There are 10,000-50,000 species in just one gram of soil, whose nutrient-cycling services amount to $1.5-20 trillion in benefit annually, making it the world’s most valuable ecosystem, according to Dance and Tillman et al. (Soil organisms alone worth $1.5 trillion.)

These “soil livestock” are more diverse and numerous than tropical rain forest species, according to Eric Triplett, microbiologist at University of Florida, Gainesville.

How else can you improve your soil’s miles per gallon? Keep their roads open.

Root metabolism is handicapped when their underground highways (soil pore space) are blocked and their root networks shattered by tillage. These root networks are created mainly by beneficial mycorrhizal fungi (see photos). The bodies of these fungi are strands of fungal hyphae or thin threads, which increase the surface area contact with soil to gather more nutrients from the soil.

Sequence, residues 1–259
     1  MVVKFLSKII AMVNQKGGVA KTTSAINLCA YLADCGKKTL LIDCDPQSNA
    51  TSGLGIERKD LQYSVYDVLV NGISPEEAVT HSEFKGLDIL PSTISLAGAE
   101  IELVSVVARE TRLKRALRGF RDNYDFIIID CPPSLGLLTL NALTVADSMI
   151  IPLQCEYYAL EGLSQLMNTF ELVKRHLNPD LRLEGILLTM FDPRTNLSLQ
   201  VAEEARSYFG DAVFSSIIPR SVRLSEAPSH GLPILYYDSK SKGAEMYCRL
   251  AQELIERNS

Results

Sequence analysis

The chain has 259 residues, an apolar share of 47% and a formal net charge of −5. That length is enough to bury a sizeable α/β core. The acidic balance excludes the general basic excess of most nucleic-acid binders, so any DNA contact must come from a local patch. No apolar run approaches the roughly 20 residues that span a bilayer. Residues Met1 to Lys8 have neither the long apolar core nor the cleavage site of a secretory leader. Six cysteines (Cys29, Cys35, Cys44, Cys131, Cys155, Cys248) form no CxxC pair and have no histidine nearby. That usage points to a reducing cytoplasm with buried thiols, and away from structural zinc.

“Tillage is very costly microbially, because it breaks down these aggregates, clogs soil highways and ruptures fungal networks that deliver nutrients to your crops,” Nichols says. “Tillage also exposes valuable organic matter to the air, releasing more soil carbon (microbes’ fuel) to the atmosphere.

“Compare a vase full of marbles to a vase full of sand,” Nichols says. Air and water move easily through the broad spaces between the marbles, but not through what little space exists between fine grains of sand (see photo). “In the same way, a healthy soil made of aggregates (marbles) has more pore space than a compacted soil (the sand).”

Preserving soil structure, or aggregates, preserves broad soil pathways for efficient two-way exchange of vital nutrients, gases and moisture. Tillage and compaction clog underground avenues by disintegrating soil aggregates that choke traffic.”